Saving money on gas is great – but how about saving money on the car? If it costs you less, then you have more in your pocket to spend on gas.
And on other things.
A simpler car – one without turbos, ASS or direct injection – is also less likely to hit you with high-dollar repair costs down the road. And if it has a better warranty than other cars, you won’t have to pay any dollars for repairs until you’re farther down the road.
Now add some features most buyers consider essential – and which used to define a luxury car – such as power windows and locks, cruise control and USB ports – and don’t charge extra for them.
That’s the case made by Mitsubishi for the Mirage – which is one of the least expensive and best-equipped new cars available for less than $14k to start – as well as one of the best-warranted and most fuel-efficient.
So – what’s the catch?
The Mirage is a subcompact sedan/hatchback emphasizing value and high mileage – without making you pay extra for either – or for amenities such as AC, power windows, locks and cruise control.
They’re all standard equipment.
It is also the only car with a sticker price less than $14k that gets 40-plus MPG on the highway without a hybrid drivetrain or a turbocharged engine or other fuel-saving but cost-adding technology.
It isn’t even slow – though you may have read that it is.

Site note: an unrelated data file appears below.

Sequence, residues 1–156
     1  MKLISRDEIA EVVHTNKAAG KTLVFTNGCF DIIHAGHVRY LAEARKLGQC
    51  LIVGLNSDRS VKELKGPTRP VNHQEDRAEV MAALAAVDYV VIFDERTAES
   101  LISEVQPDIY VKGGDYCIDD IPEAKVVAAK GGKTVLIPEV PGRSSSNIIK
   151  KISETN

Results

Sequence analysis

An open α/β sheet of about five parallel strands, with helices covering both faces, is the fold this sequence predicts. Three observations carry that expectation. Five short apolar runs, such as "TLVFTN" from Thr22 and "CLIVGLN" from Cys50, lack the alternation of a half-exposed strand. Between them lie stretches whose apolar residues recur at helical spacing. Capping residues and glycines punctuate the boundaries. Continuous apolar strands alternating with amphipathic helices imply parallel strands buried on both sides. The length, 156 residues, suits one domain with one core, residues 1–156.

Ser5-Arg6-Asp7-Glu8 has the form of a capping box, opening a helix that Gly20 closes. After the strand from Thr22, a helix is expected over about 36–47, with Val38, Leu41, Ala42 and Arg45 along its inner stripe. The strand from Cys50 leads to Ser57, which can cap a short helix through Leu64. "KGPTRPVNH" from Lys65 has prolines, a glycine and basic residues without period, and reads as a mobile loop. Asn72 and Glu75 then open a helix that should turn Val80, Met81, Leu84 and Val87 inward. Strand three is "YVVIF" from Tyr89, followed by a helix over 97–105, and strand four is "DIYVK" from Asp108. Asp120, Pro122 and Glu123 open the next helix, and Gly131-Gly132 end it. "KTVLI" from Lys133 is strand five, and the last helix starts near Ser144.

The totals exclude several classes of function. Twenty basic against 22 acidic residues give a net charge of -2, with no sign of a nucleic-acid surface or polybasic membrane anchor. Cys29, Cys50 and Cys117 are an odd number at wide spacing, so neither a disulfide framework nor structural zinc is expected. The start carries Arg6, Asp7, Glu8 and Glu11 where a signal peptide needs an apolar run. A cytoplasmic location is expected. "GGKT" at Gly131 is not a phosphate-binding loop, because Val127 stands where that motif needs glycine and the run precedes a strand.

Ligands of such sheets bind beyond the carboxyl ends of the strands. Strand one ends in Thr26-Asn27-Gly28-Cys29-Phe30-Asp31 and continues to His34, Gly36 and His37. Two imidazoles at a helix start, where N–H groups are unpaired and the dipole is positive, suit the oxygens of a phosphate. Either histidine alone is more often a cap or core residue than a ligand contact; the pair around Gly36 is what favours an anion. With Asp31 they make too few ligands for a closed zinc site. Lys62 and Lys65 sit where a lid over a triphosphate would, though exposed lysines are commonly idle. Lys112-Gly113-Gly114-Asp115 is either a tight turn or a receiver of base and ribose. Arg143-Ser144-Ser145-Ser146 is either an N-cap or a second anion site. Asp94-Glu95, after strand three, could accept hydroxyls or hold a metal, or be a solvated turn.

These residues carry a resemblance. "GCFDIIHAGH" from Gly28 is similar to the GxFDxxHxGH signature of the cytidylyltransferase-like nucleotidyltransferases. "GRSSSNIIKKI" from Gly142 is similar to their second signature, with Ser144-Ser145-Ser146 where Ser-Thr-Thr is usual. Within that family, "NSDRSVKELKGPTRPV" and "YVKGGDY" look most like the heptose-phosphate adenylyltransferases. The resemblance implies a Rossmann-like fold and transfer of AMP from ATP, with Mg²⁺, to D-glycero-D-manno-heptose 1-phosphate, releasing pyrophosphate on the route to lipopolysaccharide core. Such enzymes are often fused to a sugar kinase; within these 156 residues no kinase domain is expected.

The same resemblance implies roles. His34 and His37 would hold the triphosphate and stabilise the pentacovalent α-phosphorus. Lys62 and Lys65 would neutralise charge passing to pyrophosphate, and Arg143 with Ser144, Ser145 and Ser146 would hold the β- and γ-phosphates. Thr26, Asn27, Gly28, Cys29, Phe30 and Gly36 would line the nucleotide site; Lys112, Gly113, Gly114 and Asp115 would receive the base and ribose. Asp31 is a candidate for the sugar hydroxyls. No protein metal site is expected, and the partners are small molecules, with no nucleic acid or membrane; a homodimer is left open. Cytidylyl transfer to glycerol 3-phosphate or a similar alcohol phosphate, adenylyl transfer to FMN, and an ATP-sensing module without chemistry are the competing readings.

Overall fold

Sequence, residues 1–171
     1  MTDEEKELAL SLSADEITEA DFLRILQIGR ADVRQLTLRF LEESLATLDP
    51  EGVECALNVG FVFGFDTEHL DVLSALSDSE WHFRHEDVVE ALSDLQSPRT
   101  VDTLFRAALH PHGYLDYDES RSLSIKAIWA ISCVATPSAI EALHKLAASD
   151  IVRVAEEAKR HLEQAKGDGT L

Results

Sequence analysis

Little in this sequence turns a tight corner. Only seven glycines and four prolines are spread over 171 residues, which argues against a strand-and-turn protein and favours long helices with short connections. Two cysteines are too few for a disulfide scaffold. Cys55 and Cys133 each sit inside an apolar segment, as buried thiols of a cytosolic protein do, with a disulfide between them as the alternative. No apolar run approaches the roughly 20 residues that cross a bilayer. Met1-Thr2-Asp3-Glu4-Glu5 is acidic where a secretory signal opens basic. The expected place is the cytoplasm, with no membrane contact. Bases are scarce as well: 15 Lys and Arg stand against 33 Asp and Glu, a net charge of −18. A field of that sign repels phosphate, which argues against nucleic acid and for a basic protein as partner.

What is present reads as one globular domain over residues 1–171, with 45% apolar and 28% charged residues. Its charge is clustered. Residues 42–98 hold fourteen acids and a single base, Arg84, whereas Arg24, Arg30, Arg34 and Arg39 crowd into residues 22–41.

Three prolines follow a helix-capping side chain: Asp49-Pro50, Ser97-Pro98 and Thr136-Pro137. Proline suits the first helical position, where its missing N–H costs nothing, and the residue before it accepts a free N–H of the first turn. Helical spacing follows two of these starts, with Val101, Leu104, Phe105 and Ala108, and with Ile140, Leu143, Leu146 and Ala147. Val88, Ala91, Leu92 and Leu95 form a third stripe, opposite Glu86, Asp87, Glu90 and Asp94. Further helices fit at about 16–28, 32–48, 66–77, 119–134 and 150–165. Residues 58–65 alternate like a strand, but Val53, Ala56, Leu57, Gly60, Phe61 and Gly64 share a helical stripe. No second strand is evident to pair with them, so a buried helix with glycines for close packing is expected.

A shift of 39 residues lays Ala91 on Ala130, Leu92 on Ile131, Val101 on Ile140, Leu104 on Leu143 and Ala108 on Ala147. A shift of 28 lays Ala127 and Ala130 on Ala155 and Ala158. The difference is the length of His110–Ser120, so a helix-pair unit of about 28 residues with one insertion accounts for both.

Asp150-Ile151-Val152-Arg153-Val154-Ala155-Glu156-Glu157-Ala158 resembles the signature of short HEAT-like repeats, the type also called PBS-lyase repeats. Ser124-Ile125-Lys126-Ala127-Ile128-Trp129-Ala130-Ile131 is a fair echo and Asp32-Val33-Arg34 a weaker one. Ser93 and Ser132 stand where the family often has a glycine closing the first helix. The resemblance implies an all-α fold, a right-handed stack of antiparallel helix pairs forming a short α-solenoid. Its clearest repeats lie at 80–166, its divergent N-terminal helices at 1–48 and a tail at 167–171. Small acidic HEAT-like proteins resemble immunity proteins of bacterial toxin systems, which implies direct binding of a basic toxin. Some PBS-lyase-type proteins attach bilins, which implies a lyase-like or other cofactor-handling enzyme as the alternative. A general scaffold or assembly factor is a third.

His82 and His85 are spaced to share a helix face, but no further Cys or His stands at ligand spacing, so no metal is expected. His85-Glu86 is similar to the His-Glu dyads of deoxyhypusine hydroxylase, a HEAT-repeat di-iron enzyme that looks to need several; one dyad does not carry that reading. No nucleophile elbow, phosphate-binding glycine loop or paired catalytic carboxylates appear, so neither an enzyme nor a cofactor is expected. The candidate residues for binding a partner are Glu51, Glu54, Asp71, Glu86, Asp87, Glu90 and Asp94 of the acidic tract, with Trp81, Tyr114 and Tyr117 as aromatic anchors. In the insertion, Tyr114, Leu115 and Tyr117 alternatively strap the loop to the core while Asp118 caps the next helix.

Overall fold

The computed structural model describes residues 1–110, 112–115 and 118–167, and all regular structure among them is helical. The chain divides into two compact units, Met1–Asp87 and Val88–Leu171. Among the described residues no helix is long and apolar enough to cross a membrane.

It’s a Mitsubishi. Not that there’s anything wrong with that. The problem is the perception that there is – which acts like a cement block tied around a cat’s neck – as far as depreciation rates are concerned.
But that is only a concern if you don’t plan to keep the car very long. If you plan on driving it for at least eight years, depreciation is a near-irrelevance regardless of brand.
The other thing – perhaps more relevant – is that Mitsubishi stores are harder to find and there may not be one within convenient orbit of you. But that’s only an unavoidable hassle when it comes to buying one.
Base price is $13,795 for the ES trim with manual transmission; there are also SE ($14,995 to start) and sporty GT ($17,330) trims.
The Mirage’s main low-cost rival is the not-as-well-equipped Nissan Versa (base price $12,360). It’s even more basic and costs less to start, but does not come standard with power windows, locks or cruise control.